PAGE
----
Apollo interfaces can simulate many of the famous pieces of hardware that have been used to record and produce professional music over the years. It has plugins built in to it, and you can use them during recording as well as in post-production, mixing, and mastering. But in order to use the Apollo interfaces to their maximum potential, you need a lot of experience working in sound. There is a software application that controls the hardware device, and you need to use it in order to really take advantage of what this system has to offer.
If you need more inputs and outputs then what the Twin has to offer, you should check out the Apollo x8 (or a similar model). It is a rack mounted unit that takes the features of the Apollo Twin and sets up the ability to expand your setup even more. You can do up to 7.1 channel surround sound. The x8 gives you more inputs as well, up to 26 total inputs. 8 of those are analog, and the others are digital inputs (via optical and S/PDIF connections). 4 mic preamps and 2 instrument inputs expand on what the Twin has available as well. Additionally, the x8 has more processing power (for its plugins) than the Twin has.
(4) Slate Digital VRS8 https://www.slatedigital.com/virtual-recording-studio/#vrs8
Slate Digital has created some of the most exciting advancements in recording technology as of late. If you’re not familiar with the “Virtual Recording Studio” system that they have developed, I highly recommend you visit the url link above and check it out. Essentially, they have developed special microphones, preamps, and software that can simulate some of the world’s most prestigious (and expensive) recording equipment at a fraction of the cost. And it’s pretty impressive how well it works.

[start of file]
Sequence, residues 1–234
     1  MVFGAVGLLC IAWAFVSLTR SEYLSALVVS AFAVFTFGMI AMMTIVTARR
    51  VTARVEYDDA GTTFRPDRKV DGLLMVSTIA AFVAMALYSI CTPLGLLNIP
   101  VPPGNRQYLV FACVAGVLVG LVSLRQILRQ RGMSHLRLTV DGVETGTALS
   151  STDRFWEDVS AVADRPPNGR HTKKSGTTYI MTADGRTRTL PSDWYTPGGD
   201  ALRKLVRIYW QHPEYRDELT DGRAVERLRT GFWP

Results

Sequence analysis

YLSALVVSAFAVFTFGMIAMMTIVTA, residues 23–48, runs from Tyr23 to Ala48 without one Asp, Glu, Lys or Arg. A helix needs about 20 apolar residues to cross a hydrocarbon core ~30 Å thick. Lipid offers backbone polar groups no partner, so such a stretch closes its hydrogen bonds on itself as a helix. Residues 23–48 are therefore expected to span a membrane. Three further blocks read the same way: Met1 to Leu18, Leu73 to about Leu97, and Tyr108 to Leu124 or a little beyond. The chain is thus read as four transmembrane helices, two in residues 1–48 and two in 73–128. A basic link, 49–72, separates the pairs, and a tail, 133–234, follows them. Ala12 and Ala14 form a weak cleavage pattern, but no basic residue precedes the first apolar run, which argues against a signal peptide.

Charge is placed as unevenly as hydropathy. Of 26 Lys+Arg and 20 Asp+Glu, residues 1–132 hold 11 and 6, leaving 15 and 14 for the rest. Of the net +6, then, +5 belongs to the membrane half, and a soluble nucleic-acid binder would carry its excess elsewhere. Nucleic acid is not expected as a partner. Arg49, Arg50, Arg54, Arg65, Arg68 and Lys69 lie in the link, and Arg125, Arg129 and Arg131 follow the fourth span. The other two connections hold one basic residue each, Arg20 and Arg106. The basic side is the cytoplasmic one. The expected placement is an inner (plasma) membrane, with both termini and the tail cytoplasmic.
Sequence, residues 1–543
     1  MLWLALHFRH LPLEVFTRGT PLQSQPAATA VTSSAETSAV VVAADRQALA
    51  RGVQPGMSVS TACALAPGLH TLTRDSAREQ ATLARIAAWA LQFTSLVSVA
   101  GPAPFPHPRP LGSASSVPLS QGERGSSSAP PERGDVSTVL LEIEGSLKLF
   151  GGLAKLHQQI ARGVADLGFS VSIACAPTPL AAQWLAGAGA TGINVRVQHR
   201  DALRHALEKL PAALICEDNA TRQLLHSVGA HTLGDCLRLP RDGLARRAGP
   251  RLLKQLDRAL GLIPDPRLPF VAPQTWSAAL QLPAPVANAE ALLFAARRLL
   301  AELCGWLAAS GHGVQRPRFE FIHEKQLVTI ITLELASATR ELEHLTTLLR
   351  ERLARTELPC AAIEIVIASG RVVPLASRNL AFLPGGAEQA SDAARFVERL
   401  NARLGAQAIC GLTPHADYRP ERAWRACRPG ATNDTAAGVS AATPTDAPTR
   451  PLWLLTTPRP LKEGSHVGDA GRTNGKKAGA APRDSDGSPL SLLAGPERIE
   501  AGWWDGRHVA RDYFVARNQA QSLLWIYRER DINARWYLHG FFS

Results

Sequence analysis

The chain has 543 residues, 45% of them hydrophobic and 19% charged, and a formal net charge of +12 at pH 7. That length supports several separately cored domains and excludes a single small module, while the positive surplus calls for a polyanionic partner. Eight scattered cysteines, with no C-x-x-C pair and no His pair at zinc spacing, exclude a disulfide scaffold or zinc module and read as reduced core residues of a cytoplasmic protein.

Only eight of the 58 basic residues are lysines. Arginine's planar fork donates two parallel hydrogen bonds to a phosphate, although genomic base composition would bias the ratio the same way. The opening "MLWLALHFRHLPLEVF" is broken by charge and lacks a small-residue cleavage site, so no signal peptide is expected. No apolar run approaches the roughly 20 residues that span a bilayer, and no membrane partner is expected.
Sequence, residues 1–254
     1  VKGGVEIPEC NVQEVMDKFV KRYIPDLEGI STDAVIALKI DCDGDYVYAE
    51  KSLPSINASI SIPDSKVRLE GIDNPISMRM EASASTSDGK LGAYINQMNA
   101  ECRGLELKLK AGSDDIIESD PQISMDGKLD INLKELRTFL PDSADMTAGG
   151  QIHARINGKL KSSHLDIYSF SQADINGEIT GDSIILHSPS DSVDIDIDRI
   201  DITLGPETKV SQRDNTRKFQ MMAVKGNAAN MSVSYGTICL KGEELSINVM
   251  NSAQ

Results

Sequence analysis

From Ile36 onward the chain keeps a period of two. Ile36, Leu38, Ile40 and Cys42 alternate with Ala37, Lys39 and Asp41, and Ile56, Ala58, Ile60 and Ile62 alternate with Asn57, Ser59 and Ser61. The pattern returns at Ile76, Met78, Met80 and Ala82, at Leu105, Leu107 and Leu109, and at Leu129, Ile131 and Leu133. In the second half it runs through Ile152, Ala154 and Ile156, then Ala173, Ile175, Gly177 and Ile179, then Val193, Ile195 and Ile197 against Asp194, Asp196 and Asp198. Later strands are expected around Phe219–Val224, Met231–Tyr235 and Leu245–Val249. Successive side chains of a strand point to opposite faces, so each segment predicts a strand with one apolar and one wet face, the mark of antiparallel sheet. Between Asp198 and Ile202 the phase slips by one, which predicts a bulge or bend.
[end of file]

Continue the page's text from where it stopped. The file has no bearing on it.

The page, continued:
If you’re already using Slate Digital plugins and microphones, then the VRS8 is a must-have piece for your studio. It features 8 analog inputs, all with Slate Digital’s VMS-ONE preamps. The first 2 channels have instrument inputs available on the front of the unit. The preamps are specifically designed to work within the “Virtual Recording Studio” system. So if you’re not ready to go all in with that, this may not be the best choice of interface for you. But if you’re already using the system and ready to jump all the way in… welcome home.
While there are no digital inputs available, you can chain multiple interfaces together to expand your inputs and outputs. And it has word clock connections for syncing your digital devices. Add on the MIDI connections and this piece has a lot of functionality to offer. On the output side of things, the VRS8 has 8 analog line outs plus 2 headphone outputs. You can use 4 of the line outs to connect 2 sets of stereo speakers and the VRS8 gives you control over level and speaker switching between them. The one thing I wish they had included is a built in talkback system. But nevertheless, the Slate Digital VRS8 is an impressive piece, and the perfect choice to take full advantage of their “Virtual Recording Studio” system.